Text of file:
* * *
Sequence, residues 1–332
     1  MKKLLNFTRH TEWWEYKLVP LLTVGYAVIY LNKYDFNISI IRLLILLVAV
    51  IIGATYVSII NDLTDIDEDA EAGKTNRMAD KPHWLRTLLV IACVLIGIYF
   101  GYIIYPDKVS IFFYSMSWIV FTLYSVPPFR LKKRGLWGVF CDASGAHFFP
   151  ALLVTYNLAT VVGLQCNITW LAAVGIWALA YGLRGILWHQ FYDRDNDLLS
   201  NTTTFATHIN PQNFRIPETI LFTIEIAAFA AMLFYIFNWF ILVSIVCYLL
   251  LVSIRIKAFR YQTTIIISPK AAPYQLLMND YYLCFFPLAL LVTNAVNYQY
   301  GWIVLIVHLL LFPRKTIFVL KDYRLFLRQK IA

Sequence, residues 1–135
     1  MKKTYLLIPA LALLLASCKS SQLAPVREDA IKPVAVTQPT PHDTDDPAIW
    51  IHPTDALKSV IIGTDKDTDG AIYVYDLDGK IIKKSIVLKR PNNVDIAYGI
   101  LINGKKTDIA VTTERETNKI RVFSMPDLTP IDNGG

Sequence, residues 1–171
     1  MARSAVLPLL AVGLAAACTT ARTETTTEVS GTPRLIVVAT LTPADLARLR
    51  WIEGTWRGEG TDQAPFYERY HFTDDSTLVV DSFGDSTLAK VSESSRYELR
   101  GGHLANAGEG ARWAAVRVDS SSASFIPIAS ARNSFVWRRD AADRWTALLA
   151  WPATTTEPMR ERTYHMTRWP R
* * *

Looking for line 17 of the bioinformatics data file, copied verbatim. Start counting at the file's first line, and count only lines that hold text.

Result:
   151  WPATTTEPMR ERTYHMTRWP R